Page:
I figure I’ll do these “memoirs” bits in stages as I go along. Many of my reminisces will be kind of jumbled since I can remember that certain things happened, but am less clear on when they happened.
So here’s the first.
I was born early in the year 1961 in the small town of Kennewick, Washington. My mother claimed that I was a month late–she knew exactly when I was conceived because there was only one time when my father was home. (He was in the Navy at the time, so she said.) To be honest, I’m not sure how much of that I believe. I have since come to learn that my mother was not terribly reliable in reporting events from her first marriage (or afterward for that matter). As a result, I have my doubts about the details. But for much of my life, I grew up believing this to be the case and who knows? Perhaps it is.
My sister was born in Portland, Oregon two and a half years later…to the day.
I had reasons to consider my birth date unfortunately timed. It was close enough to Christmas that over the years that “this present is for both Christmas and your birthday” was a refrain that I would come to hate. With my sister born in mid-summer, I quickly realized that she would get two presents during the year where I would often get only one. To a child, of course, this was completely unfair.
I have few memories of those very early days. I remember a car seat we had. The seat would have given modern certifying board the vapors as there was nothing safe about it. It served mainly to keep me out of the way of the drivers in the car and to keep me mildly entertained. The seat had a steering wheel with a button in the center that “beeped” every time I hit it. Great fun to a two year old, let me tell you.
I remember a folding crib we had for my sister. Something not unlike this:
There are several events I remember from those days. One of them, is that I was staying with some people–relatives I think, while my mother and father were out. It was a house in the country. They didn’t have a garage, but they had a “cinder block” driveway and car park with an awning to provide modest protection to the cars from the elements. I was out playing in the field when I learned that my mother had returned. I raced toward the house. As I neared it I tripped and fell, catching my right eyebrow on the edge of the cinder block driveway, laying it open. Blood everywhere.
They ended up taking me to the hospital where I got three stitches. While it’s mostly faded now, I carried the scar through much of my childhood, with a matching one on the other side that we’ll get to later.
I think it was from this same household, although not the same visit, when my father took me on a ride on a motorcycle. Little attention back then was paid to protective gear. He sat me, no helmet or other protective wear, in front of him wedged in between his lap and the fuel tank, and we went riding out on old country dirt roads. I can still see the image in my mind and remembering thinking that it felt like flying. I think I’ve been enamored of the idea of flying ever since. Many years later I had a motorcycle of my own and, yep, that old feeling came right back. Unfortunately, I ended up losing that motorcycle and haven’t really been in a position to get a new one since. Sigh. Some day, I’m sure.
I remember a toy fire truck I had, with a little rotating water cannon on the top–purely decorative of course in that it didn’t actually squirt water. But I loved it dearly.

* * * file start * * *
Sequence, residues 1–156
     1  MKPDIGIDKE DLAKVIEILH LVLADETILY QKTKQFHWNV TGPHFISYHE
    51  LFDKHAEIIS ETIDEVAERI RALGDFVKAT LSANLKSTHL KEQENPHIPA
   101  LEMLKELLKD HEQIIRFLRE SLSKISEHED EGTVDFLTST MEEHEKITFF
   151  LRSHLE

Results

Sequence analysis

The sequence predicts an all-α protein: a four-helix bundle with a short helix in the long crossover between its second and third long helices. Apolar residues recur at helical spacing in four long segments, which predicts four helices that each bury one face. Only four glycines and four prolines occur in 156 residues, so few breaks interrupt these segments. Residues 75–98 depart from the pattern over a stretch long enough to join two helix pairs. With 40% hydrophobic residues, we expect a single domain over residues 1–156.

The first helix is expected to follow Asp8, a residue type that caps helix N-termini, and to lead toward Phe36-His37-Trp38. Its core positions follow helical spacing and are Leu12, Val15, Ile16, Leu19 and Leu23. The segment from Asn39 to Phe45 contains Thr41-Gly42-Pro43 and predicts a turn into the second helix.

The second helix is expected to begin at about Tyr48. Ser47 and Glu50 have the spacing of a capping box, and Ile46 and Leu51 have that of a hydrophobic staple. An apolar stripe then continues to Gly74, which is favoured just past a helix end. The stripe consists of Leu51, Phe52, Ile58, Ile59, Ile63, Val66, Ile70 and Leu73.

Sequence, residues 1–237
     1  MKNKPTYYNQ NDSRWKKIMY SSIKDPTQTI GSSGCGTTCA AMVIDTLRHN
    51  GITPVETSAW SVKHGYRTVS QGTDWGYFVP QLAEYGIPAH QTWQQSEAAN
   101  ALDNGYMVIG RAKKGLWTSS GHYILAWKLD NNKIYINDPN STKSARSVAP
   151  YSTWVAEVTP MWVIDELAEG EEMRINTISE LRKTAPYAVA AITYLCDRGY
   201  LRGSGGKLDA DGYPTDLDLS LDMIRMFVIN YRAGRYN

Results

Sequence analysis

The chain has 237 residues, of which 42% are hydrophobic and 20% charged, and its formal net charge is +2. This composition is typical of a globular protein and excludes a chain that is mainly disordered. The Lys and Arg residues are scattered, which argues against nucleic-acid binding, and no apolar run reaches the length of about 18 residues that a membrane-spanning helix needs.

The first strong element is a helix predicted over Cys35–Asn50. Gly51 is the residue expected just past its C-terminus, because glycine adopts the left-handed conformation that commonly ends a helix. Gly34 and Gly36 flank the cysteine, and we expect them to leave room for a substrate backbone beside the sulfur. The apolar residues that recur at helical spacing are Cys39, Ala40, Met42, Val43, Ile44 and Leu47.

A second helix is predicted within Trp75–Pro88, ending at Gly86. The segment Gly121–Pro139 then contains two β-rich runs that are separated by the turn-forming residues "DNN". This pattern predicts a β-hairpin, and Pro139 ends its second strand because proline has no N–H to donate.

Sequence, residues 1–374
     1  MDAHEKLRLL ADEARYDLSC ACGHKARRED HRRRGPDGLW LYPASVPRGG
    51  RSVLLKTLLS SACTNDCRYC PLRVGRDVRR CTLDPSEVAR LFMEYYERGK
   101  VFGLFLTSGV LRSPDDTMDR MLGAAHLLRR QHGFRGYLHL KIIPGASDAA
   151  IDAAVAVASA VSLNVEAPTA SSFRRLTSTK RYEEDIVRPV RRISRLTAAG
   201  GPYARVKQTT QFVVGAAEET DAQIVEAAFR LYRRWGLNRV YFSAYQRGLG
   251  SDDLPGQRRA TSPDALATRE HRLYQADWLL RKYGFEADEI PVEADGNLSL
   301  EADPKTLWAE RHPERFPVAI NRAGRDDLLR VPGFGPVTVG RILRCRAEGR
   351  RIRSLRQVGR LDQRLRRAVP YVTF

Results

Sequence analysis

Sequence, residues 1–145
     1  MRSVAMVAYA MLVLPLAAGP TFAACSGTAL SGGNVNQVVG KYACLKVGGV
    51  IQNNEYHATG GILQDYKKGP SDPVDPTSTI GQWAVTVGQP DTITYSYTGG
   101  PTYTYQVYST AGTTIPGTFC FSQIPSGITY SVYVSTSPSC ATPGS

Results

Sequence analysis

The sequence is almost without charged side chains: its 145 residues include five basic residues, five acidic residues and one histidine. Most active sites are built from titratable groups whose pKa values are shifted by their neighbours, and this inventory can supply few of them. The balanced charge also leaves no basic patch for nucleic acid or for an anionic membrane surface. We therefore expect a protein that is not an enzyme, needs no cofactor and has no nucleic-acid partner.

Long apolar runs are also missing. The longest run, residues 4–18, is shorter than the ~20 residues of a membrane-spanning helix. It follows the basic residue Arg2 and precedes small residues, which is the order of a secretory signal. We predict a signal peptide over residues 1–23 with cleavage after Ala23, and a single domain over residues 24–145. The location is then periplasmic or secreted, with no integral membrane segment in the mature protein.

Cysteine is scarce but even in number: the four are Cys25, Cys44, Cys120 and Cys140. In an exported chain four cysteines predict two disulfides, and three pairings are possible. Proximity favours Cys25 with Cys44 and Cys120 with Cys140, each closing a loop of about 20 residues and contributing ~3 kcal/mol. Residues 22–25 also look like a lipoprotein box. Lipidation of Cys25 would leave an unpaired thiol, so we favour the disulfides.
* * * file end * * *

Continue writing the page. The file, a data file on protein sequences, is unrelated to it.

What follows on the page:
Not all my memories from that period are pleasant ones. I have a vague memory of being in the hospital. Later my mother told me that I had had severe bronchitis when I was young that had me hospitalized twice (and have always been susceptible to upper respiratory infections ever since). Perhaps one of those incidents is what I am remembering here. A distinct memory I have of being in the hospital is my mother telling me that the IV was how they were “feeding me”. I suggested that the bottle contained mashed potatoes and gravy in liquid form.
Another incident involved the baby aspirin that was available back then (long before the association of Reye Syndrome and aspirin were well known). Unlike regular “adult” aspirin, this was flavored and not bad tasting. I got my hands on a bottle and ate the entire thing–telling my mother when they found out that “I just had a little headache.” This prompted another trip to the emergency room but by that time there was nothing they could do except hope that I hadn’t overdosed to the extent of poisoning myself.
I’m here, so it looks like I survived.
I remember a fight between my mother and father. Perhaps it was one of many, but one in particular that I remember. My sister was in her crib on one side of the room. My father was in the doorway to the kitchen, next to the refrigerator. We had several cans of orange juice concentrate in the freezer. (The stuff you mix with water to make a yellow drink almost, but not quite, exactly unlike orange juice.) In the course of the argument he took one of these cans, made some comment about the logo on the can (a little cartoon figure with an orange as a head) and threw the can across the room.
I think this may have been not long before my parents split up. I do have a memory, probably not long after that fight (although I can’t be sure) of waking up in a strange place. I opened the door and went outside to a parking lot that I did not recognize. In retrospect, it was clearly a motel and motel parking lot.
In any case, my parents did separate. I have spotty memories of taking a bus across the country. My mother bought me a toy bus at one of the gift shops along the way. And in this way, we made it back to her hometown of Portsmouth Virginia.
And that’s where I’ll end this part. More to come at a future date.